However the church arrived at the vision of the Christ as gentle Jesus, meek and mild, I will never know. There is nothing meek and mild about the Jesus of today s gospel. Instead we find a fearful clarity about God s expectations of our relationships with each other and our relationship with God.
It happens that on this occasion Jesus is addressing his remarks to the Pharisees, those bastions of the religious establishment of Jesus day. Pharisees were devout Jews who prided themselves on their faithful observance of the Law of Moses. They were the kind of people who, if you had a question about your religion, would be able to tell what your question meant and its answer. And you were sure to get the right answer. Yet many of Jesus most harsh confrontations were with the Pharisees, the truly religious people of Israel. If Jesus, a Jew himself and keeper of the Law of Moses, had declared that not one jot of the Law was to be left unfulfilled, why was he always in conflict with this group who took their faith so very seriously? Surely they should have been the best of friends. Simply put, Jesus believed they didn t understand what they were talking about. And what was more, he said so. The story of the Rich Man and Lazarus ripped up the Pharisaic map of reality and exposed it for what it was.
In Jesus day prosperity was popularly interpreted as a sign of God s blessing, a kind of divine reward for good behavior. Crudely expressed: if you were good then good things happened. Poverty or suffering on the other hand was blamed on the victims. God s punishment, if you like, for bad behavior. Therefore poor and suffering people should not receive assistance because we shouldn t interfere with the judgment of God.
Lest you are tempted to laugh at such a view of life, we need to remember that this argument is still used by Christians today. We are very quick on pronouncing misfortune as a punishment from God. If you doubt me just think of what some Christians have said about the victims of the AIDS epidemic. Its echoes are heard in the daily life, in the margins and shadows of our own conversations: They didn t deserve it or I deserve better or I ve worked hard so I deserve it and so on.
Accumulation of wealth then came to be understood as a sign of God s grace, as indeed it is, but the flaw lay in the understanding that the wealthy had done something to earn it, that their virtue had been rewarded. Never mind that it was a complete editing and manipulation of the Law, the same Law which stated, You shall open wide your hand to your brother, to the needy and to the poor. (Deut. 15:7-11) And it wasn t a request. Under the Law sharing was mandated, as was the forgiveness of debt and the care of widows and orphans. Clearly this was a better deal if you were rich than if you were poor. It is not surprising that Job, a rich man reduced to poverty, refused to accept his suffering as punishment. He knew in his heart that he had led a decent life. Once it happens to you begin to see the argument for what it really is: a terrible lie and a terrible blasphemy about God s love and mercy. Nevertheless, it was a very convenient argument and a tempting one. We can t see God but we can enjoy our lovely possessions right now. After all, whoever dies with the most toys wins. Right?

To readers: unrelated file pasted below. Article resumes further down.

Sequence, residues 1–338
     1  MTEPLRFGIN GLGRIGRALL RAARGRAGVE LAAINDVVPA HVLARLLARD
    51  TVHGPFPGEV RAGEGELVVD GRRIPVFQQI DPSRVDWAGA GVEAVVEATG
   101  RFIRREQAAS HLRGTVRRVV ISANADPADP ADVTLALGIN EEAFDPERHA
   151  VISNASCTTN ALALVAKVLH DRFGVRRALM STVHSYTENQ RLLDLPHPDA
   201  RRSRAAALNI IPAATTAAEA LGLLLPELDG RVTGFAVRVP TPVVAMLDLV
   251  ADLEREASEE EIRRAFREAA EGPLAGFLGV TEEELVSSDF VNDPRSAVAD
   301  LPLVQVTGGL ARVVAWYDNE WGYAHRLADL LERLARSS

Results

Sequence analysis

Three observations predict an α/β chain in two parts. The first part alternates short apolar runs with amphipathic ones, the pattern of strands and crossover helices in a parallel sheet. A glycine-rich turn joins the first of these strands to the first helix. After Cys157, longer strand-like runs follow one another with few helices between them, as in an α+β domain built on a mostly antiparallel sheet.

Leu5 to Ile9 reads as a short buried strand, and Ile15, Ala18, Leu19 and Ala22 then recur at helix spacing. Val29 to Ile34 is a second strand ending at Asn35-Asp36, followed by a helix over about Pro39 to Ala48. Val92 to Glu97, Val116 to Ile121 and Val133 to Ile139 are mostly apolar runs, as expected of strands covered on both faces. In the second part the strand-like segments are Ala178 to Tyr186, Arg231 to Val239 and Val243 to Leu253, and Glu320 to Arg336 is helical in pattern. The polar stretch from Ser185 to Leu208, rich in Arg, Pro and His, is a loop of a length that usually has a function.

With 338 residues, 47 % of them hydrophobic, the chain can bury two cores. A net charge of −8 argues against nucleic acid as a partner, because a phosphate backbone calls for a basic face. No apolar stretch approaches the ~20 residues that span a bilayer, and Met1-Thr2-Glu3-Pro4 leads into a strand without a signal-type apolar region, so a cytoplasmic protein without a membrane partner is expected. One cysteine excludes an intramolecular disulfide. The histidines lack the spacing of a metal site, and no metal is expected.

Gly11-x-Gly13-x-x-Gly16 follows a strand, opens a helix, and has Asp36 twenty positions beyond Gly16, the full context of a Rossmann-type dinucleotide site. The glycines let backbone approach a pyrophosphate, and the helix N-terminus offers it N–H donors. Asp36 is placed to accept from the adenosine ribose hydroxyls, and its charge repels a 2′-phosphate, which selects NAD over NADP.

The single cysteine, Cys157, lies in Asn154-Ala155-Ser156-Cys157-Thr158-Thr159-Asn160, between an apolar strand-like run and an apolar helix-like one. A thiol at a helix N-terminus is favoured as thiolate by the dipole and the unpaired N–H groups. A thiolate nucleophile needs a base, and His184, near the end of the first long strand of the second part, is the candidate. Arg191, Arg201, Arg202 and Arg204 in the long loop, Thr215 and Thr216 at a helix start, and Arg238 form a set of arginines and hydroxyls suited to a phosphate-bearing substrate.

And then we have this story. In fact, this story is a variation on a very ancient story from Egypt. It seems as though this problem has been around for a long time. Let s take a closer look.
A rich man sits at table dressed sumptuously and eating lavishly. At his gate, his door, lies a poor man. It s rather embarrassing really. Nice house, nice driveway, good neighborhood, and there s this smelly bunch of rags messing it up. Who knows what the children may catch. Let s ignore him. After all, if he had an ounce of self respect he would get up and do something about his condition. Just don t speak to him dear; once you start he ll just keep coming back. To the rich man Lazarus isn t a person, not even an inconvenience, certainly not a problem. He is simply invisible. To the rich man Lazarus doesn t even exist. But there is a snag here. Lazarus is a person to God. And God is just. And it is not the God of humanly defined justice that the Pharisees expected. This God seems to believe Lazarus got a bum deal.